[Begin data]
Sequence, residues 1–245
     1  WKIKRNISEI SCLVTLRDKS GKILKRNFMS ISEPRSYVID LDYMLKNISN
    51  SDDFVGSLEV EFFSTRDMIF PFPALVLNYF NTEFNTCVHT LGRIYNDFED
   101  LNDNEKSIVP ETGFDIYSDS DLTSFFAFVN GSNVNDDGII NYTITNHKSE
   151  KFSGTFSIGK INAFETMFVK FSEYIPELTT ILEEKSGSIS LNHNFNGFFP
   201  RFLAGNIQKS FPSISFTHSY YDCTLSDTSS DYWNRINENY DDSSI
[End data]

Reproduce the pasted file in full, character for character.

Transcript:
Sequence, residues 1–245
     1  WKIKRNISEI SCLVTLRDKS GKILKRNFMS ISEPRSYVID LDYMLKNISN
    51  SDDFVGSLEV EFFSTRDMIF PFPALVLNYF NTEFNTCVHT LGRIYNDFED
   101  LNDNEKSIVP ETGFDIYSDS DLTSFFAFVN GSNVNDDGII NYTITNHKSE
   151  KFSGTFSIGK INAFETMFVK FSEYIPELTT ILEEKSGSIS LNHNFNGFFP
   201  RFLAGNIQKS FPSISFTHSY YDCTLSDTSS DYWNRINENY DDSSI